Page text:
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Say I want to print the output of strftime("%D") in the current line, or to print the return of any user-defined function for that matter. What's the standard (one step?) way to do it?

I currently do this: :let @a=strftime("%D"), then "ap (two steps, but can be combined with mapping).

1 Answer 1

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From command-line mode, use :put in combination with with the expression register "= (inserts after the current line):

:put =strftime('%d')<CR>

Or, in Insert mode, use Ctrlr (inserts before the cursor position, as if typed with no abbreviations or mappings):

<C-r>=strftime('%d')<CR>

Or, in Normal mode, use "= (inserts after the cursor position):

"=strftime('%d')<CR>p

Relevant help:

:h quote=
:h :put
:h i_CTRL-R
:h quote
:h p
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    or in insert mode: <c-r>=strftime('%d') Oct 4, 2020 at 18:28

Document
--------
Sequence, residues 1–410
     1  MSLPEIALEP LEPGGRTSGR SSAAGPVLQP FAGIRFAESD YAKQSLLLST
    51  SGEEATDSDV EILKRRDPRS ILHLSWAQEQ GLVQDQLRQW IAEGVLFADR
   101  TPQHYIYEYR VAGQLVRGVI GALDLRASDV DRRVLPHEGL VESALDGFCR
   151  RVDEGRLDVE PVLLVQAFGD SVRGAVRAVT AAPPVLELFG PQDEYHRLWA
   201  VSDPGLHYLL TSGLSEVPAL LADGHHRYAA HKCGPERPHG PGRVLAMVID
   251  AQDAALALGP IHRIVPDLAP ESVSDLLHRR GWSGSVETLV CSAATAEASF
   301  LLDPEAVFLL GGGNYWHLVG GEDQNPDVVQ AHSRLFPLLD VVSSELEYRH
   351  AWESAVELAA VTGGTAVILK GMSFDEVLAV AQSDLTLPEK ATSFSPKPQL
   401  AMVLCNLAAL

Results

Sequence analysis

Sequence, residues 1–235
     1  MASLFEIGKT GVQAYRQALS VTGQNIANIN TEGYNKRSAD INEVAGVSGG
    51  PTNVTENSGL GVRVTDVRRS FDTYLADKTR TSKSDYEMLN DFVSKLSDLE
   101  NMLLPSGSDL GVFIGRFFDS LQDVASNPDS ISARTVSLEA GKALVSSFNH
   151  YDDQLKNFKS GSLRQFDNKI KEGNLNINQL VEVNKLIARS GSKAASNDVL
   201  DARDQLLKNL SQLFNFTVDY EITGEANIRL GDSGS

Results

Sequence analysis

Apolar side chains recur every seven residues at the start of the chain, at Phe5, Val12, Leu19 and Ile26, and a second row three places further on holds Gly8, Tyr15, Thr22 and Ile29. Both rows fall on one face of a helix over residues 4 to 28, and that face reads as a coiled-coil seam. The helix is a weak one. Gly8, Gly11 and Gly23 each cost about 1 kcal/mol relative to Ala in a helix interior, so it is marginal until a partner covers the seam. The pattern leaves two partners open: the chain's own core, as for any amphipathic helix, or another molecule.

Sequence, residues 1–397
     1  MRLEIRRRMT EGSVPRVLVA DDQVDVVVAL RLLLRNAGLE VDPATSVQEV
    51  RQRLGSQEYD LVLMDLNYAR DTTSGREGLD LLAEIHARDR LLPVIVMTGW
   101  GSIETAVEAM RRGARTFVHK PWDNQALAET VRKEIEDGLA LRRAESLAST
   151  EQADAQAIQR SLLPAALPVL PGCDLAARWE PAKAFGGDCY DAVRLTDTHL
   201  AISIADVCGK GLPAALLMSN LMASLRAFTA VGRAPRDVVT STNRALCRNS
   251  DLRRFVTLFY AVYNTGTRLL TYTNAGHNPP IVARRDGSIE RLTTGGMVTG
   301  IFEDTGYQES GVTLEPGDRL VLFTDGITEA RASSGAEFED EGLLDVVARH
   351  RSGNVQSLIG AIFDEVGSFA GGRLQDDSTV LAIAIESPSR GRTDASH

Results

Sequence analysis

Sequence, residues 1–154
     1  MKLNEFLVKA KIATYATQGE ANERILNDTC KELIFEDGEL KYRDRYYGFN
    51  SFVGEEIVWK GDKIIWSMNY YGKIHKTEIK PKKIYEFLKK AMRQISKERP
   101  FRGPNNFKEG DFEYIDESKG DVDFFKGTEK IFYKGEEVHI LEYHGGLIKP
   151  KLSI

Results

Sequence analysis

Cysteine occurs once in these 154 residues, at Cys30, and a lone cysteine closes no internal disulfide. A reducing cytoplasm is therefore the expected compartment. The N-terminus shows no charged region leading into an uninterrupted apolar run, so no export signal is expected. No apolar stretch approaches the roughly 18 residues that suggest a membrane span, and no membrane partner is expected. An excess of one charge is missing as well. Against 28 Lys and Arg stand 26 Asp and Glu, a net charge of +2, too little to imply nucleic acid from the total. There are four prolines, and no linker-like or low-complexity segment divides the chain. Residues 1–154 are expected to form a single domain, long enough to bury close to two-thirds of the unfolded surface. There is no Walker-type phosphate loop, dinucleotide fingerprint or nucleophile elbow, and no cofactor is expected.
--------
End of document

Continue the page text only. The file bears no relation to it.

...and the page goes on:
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    Or normal mode "=strftime('%d')<cr>p
    – D. Ben Knoble
    Oct 5, 2020 at 0:53
  • @Jake for some reason it requires \ before the two ". I like Christian's solution better cause it inputs the date in the current line after cursor.
    – mahbubweb
    Oct 5, 2020 at 4:43
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    @MahbubAlam all the ways suggested are equally valid depending on the context. I just mirrored what you said your current process was. Oct 5, 2020 at 4:46
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    @MahbubAlam they can be used to start comments; it's odd that in this case single-quotes are required, as in most other places you could use double-quotes with no issue
    – D. Ben Knoble
    Oct 5, 2020 at 22:40

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